A is for audition. Get used to it. You’ll have to. And accompaniment. That’s what you are—not the soloist!
B is for Body odor. None appreciated— even the most expensive perfume. Onstage it’s a no-no.
C is for Cough drops. If you have a cough have a pocketful— unwrapped of course.
D is for Decisions. They are not yours to make! The conductor is in charge whether you agree or not.
E is for Excuse. There are none. You either cut it or you don’t!
F is for Flat. Don’t be. If your tendency is to play too low play higher. If your interpretation is likewise—flat, liven it up.
G is for Giggling, grunting, groaning and gasping, and any other extraneous outbursts of noise or editorial comments. Suppress them!
H is for Histrionics. None tolerated.
I is for Invention. It is a short contrapuntal piece not an invitation to make up notes.
J is for jig. The jig is up if you’re jealous of colleagues earning more than you do or playing more solos than you do. It’s difficult to make music when you feel that way.
K is for Kettledrum, Keyboard, Klavier, and Kontrbass, common instruments in an ensemble. But not kazoo. Sorry about that!
L is for legato. No matter how nervous you are, even if your bow is shaking, you have to play smoothly.
M is for Metronome. It’s a necessary evil. Practice with it often. You’ll be surprised how it never lies! Sometimes you’ll find that indeed you are unsteady in your rhythm— perhaps slowing in panic where it is more difficult and sometimes speeding up when it is easier.
N is for Notice. The conductor may be slowing down or speeding up or stopping suddenly in rehearsal. (sigh)But you too must stop instantly to listen to his or her instructions.
O is for optional. Nothing is in an orchestra. No arguments. You do what you are asked to do. It is the conductor’s interpretation not yours.
P is for Practicing. Consistent practicing—No ifs, ands or buts.
Q is for Questions. Too many questions stop the rehearsal. Questions during the rehearsal open the door for the conductor to wax eloquent about the piece or the composer. Do you want it faster or slower, louder or softer, shorter or longer? That’s plenty!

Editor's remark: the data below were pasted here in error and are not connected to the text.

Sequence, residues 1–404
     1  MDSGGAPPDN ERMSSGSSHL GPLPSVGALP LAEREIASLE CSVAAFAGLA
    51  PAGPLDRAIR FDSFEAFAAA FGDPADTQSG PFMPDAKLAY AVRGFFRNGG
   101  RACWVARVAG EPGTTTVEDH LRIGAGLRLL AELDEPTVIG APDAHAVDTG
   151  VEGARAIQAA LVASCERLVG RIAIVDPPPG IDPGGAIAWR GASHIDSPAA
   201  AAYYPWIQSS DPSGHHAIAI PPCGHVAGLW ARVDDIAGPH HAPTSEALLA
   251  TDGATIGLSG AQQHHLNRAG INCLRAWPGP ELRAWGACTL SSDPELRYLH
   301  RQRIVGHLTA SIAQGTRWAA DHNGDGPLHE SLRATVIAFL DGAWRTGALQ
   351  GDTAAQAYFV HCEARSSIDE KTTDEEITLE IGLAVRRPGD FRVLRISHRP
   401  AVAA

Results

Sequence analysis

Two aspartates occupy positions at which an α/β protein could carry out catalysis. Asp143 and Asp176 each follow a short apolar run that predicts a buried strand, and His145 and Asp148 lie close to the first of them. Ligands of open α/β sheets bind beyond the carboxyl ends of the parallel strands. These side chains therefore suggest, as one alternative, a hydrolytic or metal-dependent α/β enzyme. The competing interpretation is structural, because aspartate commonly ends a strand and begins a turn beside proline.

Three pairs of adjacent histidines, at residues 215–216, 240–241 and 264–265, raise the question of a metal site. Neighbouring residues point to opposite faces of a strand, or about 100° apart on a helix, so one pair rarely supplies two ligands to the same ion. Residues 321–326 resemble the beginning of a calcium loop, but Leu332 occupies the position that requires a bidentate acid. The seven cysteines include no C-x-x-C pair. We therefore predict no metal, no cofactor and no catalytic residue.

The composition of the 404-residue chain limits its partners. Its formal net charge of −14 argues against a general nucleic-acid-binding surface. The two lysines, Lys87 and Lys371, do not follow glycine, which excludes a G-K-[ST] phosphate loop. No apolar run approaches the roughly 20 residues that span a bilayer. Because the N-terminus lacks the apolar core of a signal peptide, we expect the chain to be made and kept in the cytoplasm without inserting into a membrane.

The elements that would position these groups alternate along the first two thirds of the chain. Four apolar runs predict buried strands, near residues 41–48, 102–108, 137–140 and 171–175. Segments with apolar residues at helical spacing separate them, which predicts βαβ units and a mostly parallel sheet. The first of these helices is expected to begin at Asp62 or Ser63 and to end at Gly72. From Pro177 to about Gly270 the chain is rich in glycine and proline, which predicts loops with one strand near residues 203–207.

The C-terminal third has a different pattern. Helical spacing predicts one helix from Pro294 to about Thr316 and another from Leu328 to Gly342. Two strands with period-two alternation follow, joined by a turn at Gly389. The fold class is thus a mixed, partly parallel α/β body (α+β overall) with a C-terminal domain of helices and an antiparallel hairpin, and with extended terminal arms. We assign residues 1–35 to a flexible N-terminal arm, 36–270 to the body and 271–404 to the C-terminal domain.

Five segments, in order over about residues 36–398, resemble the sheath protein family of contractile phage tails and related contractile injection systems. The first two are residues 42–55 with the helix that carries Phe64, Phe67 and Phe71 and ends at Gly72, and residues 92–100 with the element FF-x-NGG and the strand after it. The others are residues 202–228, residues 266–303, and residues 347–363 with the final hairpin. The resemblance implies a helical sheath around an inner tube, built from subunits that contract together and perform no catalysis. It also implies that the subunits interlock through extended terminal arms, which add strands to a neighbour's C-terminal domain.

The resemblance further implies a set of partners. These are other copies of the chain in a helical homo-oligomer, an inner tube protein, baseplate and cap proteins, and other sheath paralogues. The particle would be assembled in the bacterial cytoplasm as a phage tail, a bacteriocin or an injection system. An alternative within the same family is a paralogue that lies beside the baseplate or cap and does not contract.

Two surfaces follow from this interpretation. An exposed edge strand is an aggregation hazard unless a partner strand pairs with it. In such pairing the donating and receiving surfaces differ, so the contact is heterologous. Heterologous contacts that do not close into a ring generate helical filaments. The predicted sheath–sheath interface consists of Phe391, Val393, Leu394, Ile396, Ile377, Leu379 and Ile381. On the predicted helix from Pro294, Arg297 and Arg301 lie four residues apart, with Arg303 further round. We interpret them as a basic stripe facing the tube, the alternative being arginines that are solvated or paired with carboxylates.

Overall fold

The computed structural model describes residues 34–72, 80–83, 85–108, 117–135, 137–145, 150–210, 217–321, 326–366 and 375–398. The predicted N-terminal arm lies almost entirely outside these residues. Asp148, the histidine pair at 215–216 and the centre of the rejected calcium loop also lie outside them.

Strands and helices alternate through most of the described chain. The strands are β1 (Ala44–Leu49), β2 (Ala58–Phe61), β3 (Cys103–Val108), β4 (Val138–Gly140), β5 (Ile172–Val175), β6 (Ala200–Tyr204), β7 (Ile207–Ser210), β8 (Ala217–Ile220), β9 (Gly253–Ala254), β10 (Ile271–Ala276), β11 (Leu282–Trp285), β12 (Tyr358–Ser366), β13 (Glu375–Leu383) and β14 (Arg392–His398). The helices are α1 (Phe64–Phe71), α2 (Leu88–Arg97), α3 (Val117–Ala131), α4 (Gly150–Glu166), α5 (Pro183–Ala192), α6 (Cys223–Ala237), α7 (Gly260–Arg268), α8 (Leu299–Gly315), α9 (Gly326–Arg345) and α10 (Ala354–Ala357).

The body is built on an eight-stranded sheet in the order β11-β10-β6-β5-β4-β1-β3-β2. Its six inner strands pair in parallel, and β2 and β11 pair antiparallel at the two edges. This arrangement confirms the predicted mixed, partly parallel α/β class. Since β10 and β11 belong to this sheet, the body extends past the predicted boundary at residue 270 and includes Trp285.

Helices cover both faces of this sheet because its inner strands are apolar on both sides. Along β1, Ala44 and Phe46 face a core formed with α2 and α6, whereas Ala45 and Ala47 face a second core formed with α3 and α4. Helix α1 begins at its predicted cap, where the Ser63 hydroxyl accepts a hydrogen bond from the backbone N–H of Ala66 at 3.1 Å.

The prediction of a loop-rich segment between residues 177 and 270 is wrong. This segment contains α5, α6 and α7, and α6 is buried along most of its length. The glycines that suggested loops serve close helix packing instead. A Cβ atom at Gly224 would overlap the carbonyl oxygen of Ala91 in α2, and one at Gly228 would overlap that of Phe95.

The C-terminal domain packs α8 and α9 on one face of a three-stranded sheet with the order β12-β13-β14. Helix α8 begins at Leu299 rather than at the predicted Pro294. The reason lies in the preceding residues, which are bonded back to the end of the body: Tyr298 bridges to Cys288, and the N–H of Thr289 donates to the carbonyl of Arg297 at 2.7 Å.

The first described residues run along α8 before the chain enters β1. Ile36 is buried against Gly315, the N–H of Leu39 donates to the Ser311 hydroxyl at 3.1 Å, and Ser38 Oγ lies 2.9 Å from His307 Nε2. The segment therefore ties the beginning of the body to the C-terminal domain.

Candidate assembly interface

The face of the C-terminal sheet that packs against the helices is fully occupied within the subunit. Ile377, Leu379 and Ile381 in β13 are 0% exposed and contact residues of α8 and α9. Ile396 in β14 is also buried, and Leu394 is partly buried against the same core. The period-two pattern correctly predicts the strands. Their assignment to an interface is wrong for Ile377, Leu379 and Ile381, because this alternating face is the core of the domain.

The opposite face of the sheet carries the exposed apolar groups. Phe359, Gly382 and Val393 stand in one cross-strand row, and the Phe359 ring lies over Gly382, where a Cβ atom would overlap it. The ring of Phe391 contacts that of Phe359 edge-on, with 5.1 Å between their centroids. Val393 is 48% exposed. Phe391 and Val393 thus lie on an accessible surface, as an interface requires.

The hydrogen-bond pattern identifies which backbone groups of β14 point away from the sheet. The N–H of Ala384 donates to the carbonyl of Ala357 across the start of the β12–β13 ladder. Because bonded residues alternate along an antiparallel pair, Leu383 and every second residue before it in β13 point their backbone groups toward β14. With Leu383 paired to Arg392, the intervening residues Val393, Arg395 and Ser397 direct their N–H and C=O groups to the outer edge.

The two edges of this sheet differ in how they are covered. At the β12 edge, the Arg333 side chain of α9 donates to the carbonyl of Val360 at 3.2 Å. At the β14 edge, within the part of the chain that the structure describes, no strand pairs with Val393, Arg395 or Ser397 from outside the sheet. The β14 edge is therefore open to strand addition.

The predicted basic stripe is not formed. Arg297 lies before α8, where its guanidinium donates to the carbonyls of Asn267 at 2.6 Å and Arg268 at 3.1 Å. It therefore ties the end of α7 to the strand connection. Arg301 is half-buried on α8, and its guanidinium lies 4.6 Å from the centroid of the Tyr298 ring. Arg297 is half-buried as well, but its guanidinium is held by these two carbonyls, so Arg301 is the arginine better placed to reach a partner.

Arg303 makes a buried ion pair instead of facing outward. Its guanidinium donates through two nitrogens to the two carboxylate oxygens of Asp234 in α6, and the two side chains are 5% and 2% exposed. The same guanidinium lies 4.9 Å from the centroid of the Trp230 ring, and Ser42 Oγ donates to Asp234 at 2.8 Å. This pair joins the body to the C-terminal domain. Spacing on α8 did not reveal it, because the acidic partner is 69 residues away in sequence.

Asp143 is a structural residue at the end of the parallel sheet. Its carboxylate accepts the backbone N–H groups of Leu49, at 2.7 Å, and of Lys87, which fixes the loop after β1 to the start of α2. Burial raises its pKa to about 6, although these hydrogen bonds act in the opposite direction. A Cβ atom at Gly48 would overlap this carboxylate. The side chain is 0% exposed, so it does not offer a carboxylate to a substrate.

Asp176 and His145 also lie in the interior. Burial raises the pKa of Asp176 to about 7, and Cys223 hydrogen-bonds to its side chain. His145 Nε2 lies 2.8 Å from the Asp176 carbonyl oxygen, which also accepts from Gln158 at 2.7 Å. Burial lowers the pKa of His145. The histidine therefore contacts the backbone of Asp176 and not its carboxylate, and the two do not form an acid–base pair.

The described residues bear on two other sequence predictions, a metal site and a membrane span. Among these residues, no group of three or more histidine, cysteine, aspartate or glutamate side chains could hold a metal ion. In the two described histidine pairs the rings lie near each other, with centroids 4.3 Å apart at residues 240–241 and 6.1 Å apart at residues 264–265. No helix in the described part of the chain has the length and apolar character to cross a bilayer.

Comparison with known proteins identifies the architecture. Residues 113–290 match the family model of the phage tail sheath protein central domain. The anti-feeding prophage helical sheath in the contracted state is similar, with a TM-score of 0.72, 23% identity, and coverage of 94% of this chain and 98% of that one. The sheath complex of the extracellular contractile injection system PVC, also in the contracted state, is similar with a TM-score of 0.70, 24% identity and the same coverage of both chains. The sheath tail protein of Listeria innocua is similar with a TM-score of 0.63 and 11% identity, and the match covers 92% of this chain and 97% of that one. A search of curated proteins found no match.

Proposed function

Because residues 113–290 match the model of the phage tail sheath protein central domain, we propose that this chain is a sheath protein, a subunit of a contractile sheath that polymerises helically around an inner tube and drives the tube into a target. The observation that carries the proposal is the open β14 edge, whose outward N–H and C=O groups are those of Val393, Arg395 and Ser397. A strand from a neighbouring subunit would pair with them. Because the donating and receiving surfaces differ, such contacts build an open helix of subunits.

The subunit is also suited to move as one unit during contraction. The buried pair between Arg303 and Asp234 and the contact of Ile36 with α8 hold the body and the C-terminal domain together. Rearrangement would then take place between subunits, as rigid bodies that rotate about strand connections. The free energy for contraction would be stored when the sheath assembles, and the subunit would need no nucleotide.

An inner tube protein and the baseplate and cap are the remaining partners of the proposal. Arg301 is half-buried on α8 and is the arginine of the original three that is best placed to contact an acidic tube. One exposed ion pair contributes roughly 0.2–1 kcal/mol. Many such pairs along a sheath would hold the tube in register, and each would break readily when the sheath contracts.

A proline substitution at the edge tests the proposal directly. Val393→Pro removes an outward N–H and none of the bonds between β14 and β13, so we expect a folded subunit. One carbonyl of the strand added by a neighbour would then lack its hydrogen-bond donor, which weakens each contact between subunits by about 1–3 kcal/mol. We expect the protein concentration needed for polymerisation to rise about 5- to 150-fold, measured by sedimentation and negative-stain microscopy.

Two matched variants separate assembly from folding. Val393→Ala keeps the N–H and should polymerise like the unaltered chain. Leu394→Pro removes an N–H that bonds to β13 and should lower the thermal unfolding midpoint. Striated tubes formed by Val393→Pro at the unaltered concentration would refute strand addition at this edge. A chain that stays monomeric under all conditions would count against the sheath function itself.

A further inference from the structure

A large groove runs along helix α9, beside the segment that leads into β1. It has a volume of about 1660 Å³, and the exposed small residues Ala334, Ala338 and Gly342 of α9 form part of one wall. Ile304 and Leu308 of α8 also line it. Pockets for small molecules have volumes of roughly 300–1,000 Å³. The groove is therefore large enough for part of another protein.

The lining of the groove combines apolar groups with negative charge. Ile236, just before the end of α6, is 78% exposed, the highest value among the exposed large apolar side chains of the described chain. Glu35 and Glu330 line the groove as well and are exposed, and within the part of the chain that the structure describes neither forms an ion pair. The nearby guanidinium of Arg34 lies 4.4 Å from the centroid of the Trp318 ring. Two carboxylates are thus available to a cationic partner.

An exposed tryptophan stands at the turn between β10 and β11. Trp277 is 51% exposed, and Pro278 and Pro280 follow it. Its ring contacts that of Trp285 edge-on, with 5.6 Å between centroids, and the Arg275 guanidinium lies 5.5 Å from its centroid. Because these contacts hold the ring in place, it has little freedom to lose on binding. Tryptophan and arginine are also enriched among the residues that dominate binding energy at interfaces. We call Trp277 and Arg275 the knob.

R is for Rehearsals. Rehearsing is important. Be there unless you have leprosy.
S is for Sit. Stay in your seat at all times. And Singing. Do not. Even if the conductor does!
T is for tardy. Never be Tardy. Once there’s a downbeat it’s to late to waltz onto the onstage during a performance. And when it says Tacet. Don’t play whatever you do! It means silent.
U is for unfazed. No matter what happens onstage do not react. Learn that orchestral poker face. The audience doesn’t need to know who came in wrong or if the conductor missed a beat.
V is for Violin. Despite the fact that they are oftentimes the prima donnas of the orchestra, the violins get the melody most of the time and you should follow them.
W is for woodwinds. Humor them. They are all by themselves on their parts and their instruments are finicky with those pesky reeds. Follow them too.
X is for X-tra. No extra slides, extra length on notes, extra loud playing that sticks out, or extra embellishments. Save that for your recitals and solo playing.
Y is for yawning. It’s part of the learning curve to discover how to yawn with your mouth closed for heaven’s sake!
Z is for Zurückhalten. Hold back. Your ensemble is not “adult day-care.” Hold back from making opinionated comments, from meddlesome interruptions and from messing around. Jokesters are fun but at intermission!